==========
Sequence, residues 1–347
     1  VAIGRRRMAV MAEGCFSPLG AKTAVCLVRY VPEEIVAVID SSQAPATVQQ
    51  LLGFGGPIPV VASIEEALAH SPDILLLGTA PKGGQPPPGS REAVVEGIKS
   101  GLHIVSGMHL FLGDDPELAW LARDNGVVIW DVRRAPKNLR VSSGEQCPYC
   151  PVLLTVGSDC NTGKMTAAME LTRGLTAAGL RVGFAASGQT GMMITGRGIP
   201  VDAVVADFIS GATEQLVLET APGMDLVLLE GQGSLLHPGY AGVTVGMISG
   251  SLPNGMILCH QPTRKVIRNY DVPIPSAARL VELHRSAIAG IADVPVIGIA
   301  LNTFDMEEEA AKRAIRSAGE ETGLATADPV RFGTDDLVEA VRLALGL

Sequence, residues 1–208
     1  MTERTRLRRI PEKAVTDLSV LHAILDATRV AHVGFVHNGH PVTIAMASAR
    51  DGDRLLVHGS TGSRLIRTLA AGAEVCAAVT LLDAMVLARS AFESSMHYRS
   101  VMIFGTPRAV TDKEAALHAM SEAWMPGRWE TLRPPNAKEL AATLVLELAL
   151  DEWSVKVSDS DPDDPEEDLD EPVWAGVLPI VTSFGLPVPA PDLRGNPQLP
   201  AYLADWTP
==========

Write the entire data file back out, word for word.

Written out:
Sequence, residues 1–347
     1  VAIGRRRMAV MAEGCFSPLG AKTAVCLVRY VPEEIVAVID SSQAPATVQQ
    51  LLGFGGPIPV VASIEEALAH SPDILLLGTA PKGGQPPPGS REAVVEGIKS
   101  GLHIVSGMHL FLGDDPELAW LARDNGVVIW DVRRAPKNLR VSSGEQCPYC
   151  PVLLTVGSDC NTGKMTAAME LTRGLTAAGL RVGFAASGQT GMMITGRGIP
   201  VDAVVADFIS GATEQLVLET APGMDLVLLE GQGSLLHPGY AGVTVGMISG
   251  SLPNGMILCH QPTRKVIRNY DVPIPSAARL VELHRSAIAG IADVPVIGIA
   301  LNTFDMEEEA AKRAIRSAGE ETGLATADPV RFGTDDLVEA VRLALGL

Sequence, residues 1–208
     1  MTERTRLRRI PEKAVTDLSV LHAILDATRV AHVGFVHNGH PVTIAMASAR
    51  DGDRLLVHGS TGSRLIRTLA AGAEVCAAVT LLDAMVLARS AFESSMHYRS
   101  VMIFGTPRAV TDKEAALHAM SEAWMPGRWE TLRPPNAKEL AATLVLELAL
   151  DEWSVKVSDS DPDDPEEDLD EPVWAGVLPI VTSFGLPVPA PDLRGNPQLP
   201  AYLADWTP